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NATO-Pakistan at low ebb

NATO-Pakistan relations at low ebb

1 June 2012

Relations between NATO and Pakistan have been rocky for some time, mainly over the war in Afghanistan. As NATO’s leader, Washington alleges that Pakistan could do much more to support the US in ‘the war on terror’ both domestically and in the region. 

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China, Japan and Korea agree to start FTA talks

China, Japan and Korea agree to start FTA talks

14 May 2012

At their fifth trilateral summit in Beijing on 13 May the leaders of China, Japan and Korea agreed to start preliminary negotiations on a free trade agreement. The leaders also signed a ‘milestone’ trilateral investment agreement and agreed to step up cooperation on regional security issues.

Trade between the three East Asian giants has been booming - up from $130bn in 1999 to $690 bn in 2011. China is now the biggest trading partner of both Japan and Korea.

China’s prime minister Wen Jiabao said that the investment agreement was the first legal document on trilateral cooperation in the economic field.  He also said  ‘the global economy is recovering slowly while the European debt crisis is not over. The establishment of a free-trade pact will unleash the economic vitality of the region and give a massive boost to economic integration in East Asia. Japanese Prime Minister Yoshihiko Noda said economic co-operation was essential to maintaining the Asia-Pacific region as the growth centre of the world economy.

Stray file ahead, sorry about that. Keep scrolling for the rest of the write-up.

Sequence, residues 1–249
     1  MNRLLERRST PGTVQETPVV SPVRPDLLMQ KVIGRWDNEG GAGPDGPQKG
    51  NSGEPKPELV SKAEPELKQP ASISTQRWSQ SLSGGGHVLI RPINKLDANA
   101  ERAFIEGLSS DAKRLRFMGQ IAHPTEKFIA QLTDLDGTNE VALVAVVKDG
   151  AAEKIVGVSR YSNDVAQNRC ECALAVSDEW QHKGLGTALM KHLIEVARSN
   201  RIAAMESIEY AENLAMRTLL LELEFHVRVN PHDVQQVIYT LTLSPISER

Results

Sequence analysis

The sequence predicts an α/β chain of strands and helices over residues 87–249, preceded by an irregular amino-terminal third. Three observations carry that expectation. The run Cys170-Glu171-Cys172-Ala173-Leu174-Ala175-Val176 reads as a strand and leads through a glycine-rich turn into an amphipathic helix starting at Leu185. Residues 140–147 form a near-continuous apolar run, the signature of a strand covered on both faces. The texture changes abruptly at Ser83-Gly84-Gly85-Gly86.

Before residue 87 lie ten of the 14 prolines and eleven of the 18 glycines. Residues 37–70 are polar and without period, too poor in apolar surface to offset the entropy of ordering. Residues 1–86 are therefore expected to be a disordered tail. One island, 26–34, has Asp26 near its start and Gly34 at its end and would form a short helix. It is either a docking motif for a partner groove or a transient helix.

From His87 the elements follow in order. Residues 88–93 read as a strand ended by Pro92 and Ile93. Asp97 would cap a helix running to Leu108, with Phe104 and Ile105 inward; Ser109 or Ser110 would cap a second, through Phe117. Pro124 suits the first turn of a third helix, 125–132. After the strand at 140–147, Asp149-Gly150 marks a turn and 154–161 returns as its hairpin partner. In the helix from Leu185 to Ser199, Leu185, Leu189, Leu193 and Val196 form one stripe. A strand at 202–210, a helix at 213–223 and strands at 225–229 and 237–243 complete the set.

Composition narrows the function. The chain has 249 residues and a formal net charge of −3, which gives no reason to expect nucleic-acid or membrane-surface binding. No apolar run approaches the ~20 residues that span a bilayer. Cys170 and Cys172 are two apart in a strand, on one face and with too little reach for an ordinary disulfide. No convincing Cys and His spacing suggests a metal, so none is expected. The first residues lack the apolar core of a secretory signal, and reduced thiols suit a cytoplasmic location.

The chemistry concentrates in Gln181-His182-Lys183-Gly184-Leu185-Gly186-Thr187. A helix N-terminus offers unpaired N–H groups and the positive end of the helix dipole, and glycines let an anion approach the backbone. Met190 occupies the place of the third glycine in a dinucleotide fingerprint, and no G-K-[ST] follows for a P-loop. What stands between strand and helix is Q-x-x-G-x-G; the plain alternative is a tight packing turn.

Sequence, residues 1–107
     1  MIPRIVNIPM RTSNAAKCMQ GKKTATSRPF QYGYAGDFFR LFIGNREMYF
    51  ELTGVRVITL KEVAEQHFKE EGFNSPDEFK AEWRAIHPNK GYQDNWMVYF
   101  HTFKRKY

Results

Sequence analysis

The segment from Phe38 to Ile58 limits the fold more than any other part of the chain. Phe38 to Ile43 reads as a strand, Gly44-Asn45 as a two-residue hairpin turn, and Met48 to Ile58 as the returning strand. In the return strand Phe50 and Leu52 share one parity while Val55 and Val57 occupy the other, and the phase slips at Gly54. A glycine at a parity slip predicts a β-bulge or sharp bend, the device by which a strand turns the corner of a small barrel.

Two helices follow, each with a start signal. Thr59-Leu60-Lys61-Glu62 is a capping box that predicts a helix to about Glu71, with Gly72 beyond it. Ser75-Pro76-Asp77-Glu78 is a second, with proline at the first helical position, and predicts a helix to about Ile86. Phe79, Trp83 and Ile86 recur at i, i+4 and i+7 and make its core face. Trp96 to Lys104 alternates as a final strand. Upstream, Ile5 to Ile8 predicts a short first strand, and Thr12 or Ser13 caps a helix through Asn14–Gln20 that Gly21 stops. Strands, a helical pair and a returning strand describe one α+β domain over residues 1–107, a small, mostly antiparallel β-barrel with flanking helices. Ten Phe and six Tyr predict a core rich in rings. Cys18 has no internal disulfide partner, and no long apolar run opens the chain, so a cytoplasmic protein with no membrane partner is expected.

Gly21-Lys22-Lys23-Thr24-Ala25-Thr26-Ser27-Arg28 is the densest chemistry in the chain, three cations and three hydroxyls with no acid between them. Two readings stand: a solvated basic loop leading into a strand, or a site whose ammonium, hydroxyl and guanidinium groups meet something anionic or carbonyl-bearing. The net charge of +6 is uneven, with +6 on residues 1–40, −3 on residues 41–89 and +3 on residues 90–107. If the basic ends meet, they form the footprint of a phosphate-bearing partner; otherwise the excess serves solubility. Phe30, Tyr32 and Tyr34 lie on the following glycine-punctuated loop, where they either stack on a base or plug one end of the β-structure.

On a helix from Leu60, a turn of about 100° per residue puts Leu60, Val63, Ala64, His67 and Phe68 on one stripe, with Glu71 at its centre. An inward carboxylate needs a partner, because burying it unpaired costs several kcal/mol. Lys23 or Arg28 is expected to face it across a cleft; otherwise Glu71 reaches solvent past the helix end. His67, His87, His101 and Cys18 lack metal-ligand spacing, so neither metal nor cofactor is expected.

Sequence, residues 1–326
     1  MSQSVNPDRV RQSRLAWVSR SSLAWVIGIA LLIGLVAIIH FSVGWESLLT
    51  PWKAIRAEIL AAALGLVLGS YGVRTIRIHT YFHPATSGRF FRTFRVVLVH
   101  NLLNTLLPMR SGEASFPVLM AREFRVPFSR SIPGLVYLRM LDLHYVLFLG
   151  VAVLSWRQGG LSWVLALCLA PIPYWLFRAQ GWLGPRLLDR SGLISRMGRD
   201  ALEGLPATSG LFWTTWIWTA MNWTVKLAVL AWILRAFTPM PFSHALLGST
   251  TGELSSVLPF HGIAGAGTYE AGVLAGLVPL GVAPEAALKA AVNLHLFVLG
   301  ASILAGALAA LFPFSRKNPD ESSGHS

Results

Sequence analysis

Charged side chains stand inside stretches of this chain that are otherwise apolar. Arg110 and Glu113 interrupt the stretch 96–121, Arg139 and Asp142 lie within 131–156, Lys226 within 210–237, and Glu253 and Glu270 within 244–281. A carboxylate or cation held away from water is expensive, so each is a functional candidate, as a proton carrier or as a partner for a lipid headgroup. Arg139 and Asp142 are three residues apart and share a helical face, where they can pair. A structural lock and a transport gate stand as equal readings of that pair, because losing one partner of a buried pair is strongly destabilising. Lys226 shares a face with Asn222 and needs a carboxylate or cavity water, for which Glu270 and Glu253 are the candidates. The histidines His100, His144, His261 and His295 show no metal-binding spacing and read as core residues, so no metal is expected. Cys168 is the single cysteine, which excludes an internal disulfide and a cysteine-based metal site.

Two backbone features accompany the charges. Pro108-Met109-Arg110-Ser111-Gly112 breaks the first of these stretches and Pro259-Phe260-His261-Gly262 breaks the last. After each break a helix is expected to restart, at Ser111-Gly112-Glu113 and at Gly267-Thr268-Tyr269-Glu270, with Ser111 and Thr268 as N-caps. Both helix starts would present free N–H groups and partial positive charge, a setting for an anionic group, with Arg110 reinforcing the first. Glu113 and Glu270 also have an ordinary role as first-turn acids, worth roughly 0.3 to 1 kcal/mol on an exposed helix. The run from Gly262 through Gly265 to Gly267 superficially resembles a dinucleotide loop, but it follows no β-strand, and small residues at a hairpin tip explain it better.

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Ashton opens EU office in Myanmar

Ashton opens EU office in Myanmar

30 April 2012

During her visit to Myanmar on 28 April Catherine Ashton opened a new EU office headed by Andreas List, an Austrian EU official and expert on the country. At the opening ceremony, attended by Aung San Suu Kyi and the Chief Minister of Yangon Region U Myint Swe, Ashton said that the office demonstrated the EU’s commitment to supporting the reform process in Myanmar. She said that the EU would be ‘a friend and supporter’ of change and promised EU aid for improving the situation of people in urban and rural areas. Ashton also called for an end to the ethnic conflict in Kachin and said this would be a key message when she met President Thein Sein on 30 April. 

Ashton’s visit coincided with that by German foreign minister, Guido Westerwelle, and followed similar visits by the UK, French and other EU ministers. The UN Secretary General Ban Ki-moon, was also in town to meet Myanmar’s leaders and address the Burmese parliament.

Media reports suggest that the dispute between Aung San Suu Kyi’s NLD party and the government about taking a swearing-in oath which requires new MPs to pledge to safeguard the constitution has been resolved.

 

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EU-ASEAN Ministerial

EU-ASEAN Ministerial

27 April 2012

The smiles said it all. Catherine Ashton, EU and ASEAN foreign ministers looked very relaxed as they posed for the family photo after the EU-ASEAN ministerial in Brunei on 27 April. Both sides agreed to open ‘a new chapter’ in their relations after years of dispute over how to deal with Myanmar. ASEAN welcomed the EU’s decision to suspend sanctions and stated that ASEAN-EU relations have ‘matured and diversified.’ Straight after the Brunei meeting Ashton flew to pay her first visit to Myanmar and open an EU office in Yangon. 

ASEAN leaders had often criticised the EU for not showing up in force. This time the EU did send a top team including British Foreign Minister William Hague and German Foreign Minister Guido Westerwelle. Perhaps this helped the EU in securing an agreement from the ASEAN side to support the EU’s early accession to the Treaty of Amity and Cooperation in Southeast Asia which is a prerequisite for the EU to become a member of the East Asian summit.